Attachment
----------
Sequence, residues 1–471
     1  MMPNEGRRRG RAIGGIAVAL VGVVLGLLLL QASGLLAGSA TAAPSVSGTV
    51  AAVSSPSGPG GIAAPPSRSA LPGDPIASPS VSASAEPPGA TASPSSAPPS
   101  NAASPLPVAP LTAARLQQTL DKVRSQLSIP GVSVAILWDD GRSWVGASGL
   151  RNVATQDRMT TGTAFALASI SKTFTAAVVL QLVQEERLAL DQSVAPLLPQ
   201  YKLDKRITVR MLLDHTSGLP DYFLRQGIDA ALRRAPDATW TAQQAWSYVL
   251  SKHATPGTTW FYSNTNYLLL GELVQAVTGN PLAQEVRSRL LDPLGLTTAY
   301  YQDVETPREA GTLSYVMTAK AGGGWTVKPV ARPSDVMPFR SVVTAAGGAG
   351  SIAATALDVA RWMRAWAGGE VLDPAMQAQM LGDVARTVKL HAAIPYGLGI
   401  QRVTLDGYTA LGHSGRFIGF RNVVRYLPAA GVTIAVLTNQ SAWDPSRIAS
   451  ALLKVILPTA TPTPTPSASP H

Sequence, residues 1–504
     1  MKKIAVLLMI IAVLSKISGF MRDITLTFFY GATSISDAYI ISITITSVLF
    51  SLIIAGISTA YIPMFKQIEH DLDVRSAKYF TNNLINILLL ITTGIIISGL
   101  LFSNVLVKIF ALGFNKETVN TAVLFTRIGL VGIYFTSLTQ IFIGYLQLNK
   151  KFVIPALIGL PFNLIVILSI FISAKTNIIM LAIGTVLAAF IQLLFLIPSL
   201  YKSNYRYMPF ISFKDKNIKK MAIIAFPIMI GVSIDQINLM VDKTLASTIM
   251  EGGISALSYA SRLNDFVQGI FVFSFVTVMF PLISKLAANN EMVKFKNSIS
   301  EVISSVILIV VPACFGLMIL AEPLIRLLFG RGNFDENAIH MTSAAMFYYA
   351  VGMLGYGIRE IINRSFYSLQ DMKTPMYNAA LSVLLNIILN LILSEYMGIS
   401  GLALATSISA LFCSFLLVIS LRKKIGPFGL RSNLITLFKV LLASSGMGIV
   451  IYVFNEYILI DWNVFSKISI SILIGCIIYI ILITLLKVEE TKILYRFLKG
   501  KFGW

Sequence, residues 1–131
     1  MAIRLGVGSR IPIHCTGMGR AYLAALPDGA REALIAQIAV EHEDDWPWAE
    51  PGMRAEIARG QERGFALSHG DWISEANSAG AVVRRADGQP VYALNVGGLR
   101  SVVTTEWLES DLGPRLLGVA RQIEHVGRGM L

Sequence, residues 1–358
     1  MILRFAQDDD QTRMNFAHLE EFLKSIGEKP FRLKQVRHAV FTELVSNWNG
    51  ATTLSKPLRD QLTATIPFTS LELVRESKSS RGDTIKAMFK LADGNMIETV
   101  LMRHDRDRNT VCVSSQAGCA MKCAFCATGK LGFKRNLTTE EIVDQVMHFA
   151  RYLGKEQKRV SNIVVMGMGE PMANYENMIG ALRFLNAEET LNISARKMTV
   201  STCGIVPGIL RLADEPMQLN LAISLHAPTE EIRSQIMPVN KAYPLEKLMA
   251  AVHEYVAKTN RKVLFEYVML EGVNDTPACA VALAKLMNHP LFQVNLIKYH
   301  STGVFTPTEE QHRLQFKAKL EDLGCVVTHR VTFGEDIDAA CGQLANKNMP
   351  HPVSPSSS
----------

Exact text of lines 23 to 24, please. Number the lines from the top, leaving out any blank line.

   501  KFGW

Sequence, residues 1–131